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Norway's Wealth Fund Considers Reducing Russia Assets

Published: July 25, 2014 (Issue # 1821)



  • Norway has no obligation to comply with EU sanctions.
    Photo: Mroach / Flickr

Norway's colossal sovereign wealth fund is considering reducing its $7.6 billion portfolio of Russian investments as Russia stares down the barrel of tougher EU sanctions, Bloomberg reported Thursday.

EU ambassadors met on Thursday to discuss sanctions drawn up by the European Commission, chief among which were proposals to ban European investors from buying new debt or shares in banks majority-owned by the state, Reuters reported.

Not being an EU member, Norway has no obligation to comply with EU sanctions, but the country's sovereign wealth fund is nonetheless reviewing its Russian investments to limit potential damage.

With $890 billion in total assets, Norway's sovereign wealth fund is the biggest in the world. Its 65 Russian investments are worth $7.6 billion in stocks and bonds, both corporate and government, according to the fund's 2013 annual report

The largest is a 4.6 percent stake in state bank VTB worth $888 million, according to the report. The fund has investments in several other state companies, including energy major Gazprom, oil giant Rosneft and oil transport monopoly Transneft, as well as a stake in independent oil producer LUKoil.

"If the oil fund's investments become affected by economic sanctions against Russia that Norway supports [the fund] will need to make the necessary adjustments to accommodate the new situation," a Norwegian Finance Ministry spokesman told Bloomberg.

The fund has already taken a hit in Russia this year, losing 9.7 percent on its investments in Russian government bonds in the first quarter due to earlier sanctions meted out by the West over Russia's annexation of the Crimean peninsula and alleged support for separatists rebels in Ukraine's war-torn east.





 


ALL ABOUT TOWN

Tuesday, Jan. 27


Observe the 71st anniversary of the end of the Siege of Leningrad on Palace Square with a free concert at 7 p.m. Listen to WWII-era songs and the poetry of Olga Bergholz while you peruse outdoor exhibitions dedicated to life during wartime. The event is capped off by a fireworks display at 9 p.m.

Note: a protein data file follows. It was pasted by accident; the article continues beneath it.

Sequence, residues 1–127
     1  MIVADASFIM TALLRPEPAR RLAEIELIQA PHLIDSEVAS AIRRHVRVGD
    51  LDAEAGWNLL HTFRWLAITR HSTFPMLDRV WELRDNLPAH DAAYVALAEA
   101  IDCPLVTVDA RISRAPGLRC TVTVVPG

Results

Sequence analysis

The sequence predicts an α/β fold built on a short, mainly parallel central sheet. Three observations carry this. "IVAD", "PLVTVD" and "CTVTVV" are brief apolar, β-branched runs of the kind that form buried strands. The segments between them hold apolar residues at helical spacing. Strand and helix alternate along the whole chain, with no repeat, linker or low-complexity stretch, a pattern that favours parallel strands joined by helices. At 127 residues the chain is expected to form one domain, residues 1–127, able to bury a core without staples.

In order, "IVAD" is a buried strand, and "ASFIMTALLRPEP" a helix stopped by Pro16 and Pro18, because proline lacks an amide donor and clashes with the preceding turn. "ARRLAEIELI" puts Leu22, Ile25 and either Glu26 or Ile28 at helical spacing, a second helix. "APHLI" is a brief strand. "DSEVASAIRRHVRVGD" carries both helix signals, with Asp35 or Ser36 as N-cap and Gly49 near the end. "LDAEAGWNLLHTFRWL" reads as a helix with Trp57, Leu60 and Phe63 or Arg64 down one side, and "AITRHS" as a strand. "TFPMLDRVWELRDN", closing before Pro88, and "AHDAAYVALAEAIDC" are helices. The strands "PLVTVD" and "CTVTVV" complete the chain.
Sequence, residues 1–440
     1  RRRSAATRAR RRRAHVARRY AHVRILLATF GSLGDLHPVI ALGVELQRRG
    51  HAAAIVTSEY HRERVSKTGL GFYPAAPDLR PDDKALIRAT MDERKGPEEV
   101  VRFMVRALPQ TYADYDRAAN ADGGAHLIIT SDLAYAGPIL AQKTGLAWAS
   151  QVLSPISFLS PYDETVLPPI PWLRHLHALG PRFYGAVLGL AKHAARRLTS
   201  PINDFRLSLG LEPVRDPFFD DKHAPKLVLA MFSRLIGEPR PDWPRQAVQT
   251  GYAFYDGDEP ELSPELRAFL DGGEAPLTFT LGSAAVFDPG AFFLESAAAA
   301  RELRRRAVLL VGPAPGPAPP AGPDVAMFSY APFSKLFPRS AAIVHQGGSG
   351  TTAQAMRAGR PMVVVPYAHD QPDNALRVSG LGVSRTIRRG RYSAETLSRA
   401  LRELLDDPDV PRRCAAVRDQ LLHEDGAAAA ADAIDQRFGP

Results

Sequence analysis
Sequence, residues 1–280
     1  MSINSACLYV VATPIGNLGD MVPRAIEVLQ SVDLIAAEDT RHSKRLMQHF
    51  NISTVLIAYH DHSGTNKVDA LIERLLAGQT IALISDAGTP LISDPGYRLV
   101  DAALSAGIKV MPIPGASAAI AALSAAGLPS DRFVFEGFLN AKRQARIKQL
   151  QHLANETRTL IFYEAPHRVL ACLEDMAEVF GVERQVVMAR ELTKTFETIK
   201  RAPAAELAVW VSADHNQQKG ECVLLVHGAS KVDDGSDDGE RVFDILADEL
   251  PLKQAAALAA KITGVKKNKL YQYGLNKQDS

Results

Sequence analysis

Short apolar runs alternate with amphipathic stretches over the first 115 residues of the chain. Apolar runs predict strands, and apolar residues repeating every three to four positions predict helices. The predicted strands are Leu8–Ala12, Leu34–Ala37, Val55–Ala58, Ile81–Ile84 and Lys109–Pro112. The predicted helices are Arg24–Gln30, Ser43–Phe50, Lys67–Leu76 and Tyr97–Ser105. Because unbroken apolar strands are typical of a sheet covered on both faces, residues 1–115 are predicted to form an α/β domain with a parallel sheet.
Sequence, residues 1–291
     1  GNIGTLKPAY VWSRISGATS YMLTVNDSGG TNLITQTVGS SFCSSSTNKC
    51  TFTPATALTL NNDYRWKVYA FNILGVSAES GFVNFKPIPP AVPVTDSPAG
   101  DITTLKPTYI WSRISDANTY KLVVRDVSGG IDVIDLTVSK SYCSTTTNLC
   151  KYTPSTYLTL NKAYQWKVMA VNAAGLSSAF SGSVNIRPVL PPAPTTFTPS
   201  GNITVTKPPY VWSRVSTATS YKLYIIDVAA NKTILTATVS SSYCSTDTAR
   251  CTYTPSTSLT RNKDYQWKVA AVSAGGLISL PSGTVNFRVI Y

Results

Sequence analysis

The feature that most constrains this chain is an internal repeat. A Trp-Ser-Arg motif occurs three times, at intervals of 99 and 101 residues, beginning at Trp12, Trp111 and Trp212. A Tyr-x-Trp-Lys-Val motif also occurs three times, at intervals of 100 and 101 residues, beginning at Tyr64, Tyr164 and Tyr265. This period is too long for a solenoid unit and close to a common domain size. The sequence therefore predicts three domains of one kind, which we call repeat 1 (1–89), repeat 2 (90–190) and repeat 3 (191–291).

Stop by the Lexica School of Foreign Languages at 73 Ligovsky Prospekt from now until Friday for a free English lesson. The classes start at 7 p.m. and cover all levels, from Beginner to Advanced. Registration by telephone on 7641692 and a desire to improve your skills are the only prerequisites.



Wednesday, Jan. 28



Feel like becoming a publishing mogul? Stop by the Freedom anti-cafe at 7 Ulitsa Kazanskaya today at 8 p.m. where Simferopol, Crimea-based founder and chief editor of the Holst online magazine will talk about creating an internet magaine, including what stories to cover, how find an audience and build a team, where to find inspiration and how to stand out from the crowd. Admission is the normal price of the anti-café — 2 rubles per minute, which includes tea and snacks.



Learn everything you always wanted to know about wine, and perhaps a bit more, at the Le Nez du Vin seminar for wine lovers. Held at the WineJet Sommelier School, 100 Bolshoy Prospekt Petrograd Side, at 7:30 p.m., the event will cover wine production, the basics of wine tasting, the concept of terroir and the various countries where wine is produced. Tickets are 750 rubles and include a wine tasting. Register by calling +7 921 744 6264.



Thursday, Jan. 29



Attend a master class on how to deal with complicated business negotiations today at the International Banking Institute, 6 Malaya Sadovaya Ulitsa. Running from 3 to 6 p.m., Vadim Sokolov, an assistant professor at the St. Petersburg State University of Economics, will introduce aspects of managing the negotiation process and increasing its effectiveness. Attendance is free with pre-registration by telephone on 909 3056 or online at www.ibispb.ru



Celebrate what would be writer Anton Chekov's 155th birthday at the Bokvoed bookshop at 46 Nevsky Prospekt. Starting at 5 p.m., the legendary author will be feted with readings of his stories and short performances based on his plays by various St. Petersburg actors. Chekov's book will also be offered at a 15% discount during the event.





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